Q: How did you decide on the rail car management system from QTS?
Heisler: We looked at three different solutions that would allow us to have inside-the-plant visibility of railroad equipment. We selected QTS because we liked the technology they offered and the flexibility. QTS has been a supplier to Sunoco for a number of years and had a successful track record on logistics software. When we got into the project we actually discovered many more capabilities in the system than we originally thought were there.

Initially, as I said, we were principally looking to track rail cars inside our facilities. But the QTS product offered us an opportunity to take these previously manual or disparate-system functions involved in the shipping process and integrate them together into a common rail shipping system.

Q: So how does it work?
Heisler: We have integrated all railcar activities and that includes inbound, outbound and intra-plant. We also have incorporated visibility of all railcars inside the facilities as well as at local storage yards in the vicinity. This was accomplished through the installation of fixed readers that scan the Automatic Electronic Identification (AEI) tags on each railcar. These readers are placed at the entrance to each facility. The tag itself, the transponder, is on the railcar and the stationary readers are at the gates, so it is just like what happens when you go through an EZ Pass tollbooth where the reader reads the transponder. It collects the location and direction and car number and this information is time stamped and transmitted to the QTS @Plant system.

We also have portable AEI readers that are used to scan each car number into a specific spot within the plant. As I described before, one of our loaders used to go out and do a car inventory by walking a string of cars and manually writing down each of the car numbers and its position. This is now performed using a portable AEI reader, which accurately captures the car number and its location. It is virtually fail-safe, which is a huge improvement over a manual process. We have taken a process that was completely manual before and replaced it with accurate, real-time data on exactly what cars are where and their status within our facilities.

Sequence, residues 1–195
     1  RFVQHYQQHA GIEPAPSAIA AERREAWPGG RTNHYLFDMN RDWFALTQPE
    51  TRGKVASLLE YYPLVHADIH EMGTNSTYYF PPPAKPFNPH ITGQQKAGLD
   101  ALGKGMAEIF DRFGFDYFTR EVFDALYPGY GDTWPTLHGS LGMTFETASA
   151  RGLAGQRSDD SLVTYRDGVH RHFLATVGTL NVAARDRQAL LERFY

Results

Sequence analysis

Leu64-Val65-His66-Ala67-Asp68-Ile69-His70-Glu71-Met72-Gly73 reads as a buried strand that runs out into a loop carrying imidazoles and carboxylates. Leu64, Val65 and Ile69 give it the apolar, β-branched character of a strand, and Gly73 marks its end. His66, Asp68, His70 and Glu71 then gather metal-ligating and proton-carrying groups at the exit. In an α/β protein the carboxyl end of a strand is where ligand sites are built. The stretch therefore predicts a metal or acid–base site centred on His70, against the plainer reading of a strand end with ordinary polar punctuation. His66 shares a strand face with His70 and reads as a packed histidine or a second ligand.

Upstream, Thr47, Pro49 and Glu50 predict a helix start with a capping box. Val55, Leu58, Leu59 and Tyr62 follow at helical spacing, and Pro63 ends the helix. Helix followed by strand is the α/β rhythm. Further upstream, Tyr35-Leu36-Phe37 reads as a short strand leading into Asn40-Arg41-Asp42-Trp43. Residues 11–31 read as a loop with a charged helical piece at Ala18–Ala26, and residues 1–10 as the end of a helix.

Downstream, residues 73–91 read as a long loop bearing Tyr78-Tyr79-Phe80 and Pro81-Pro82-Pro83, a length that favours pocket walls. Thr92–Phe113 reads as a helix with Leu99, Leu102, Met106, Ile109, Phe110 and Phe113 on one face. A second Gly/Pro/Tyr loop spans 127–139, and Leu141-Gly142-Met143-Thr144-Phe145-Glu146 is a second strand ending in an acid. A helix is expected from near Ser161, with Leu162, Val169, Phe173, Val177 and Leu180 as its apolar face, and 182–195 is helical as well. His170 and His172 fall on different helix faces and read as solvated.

Q: Explain how this changes your operations.
Heisler: Knowing the exact location and status of railcars has streamlined our loading process. In the past, for example, a person would write down the car information and take it into the office for data entry. If a digit were transposed, we might very well miss a shipment that day because the car number that began with an eight had been written down as a three, and never got onto the loading rack. Instead of loading 10 cars that day, we may have only loaded nine. The system also validates our private car number IDs that reside in the data base against all arriving cars; so a foreign car is identified immediately. Another benefit is automation and integration of the weighing function. The car is indexed at the scale using one of the handheld readers, so the car identification is synchronized with scale weight of the car loaded. The lab system is similarly integrated. After the car is loaded and weighed, the lab runs various tests on the product. When these tests are completed, the data is transferred right into the shipping office screens as opposed to loaders and lab personnel hand delivering pieces of paper that would previously have to be re-keyed.

Q: Are the various plants connected?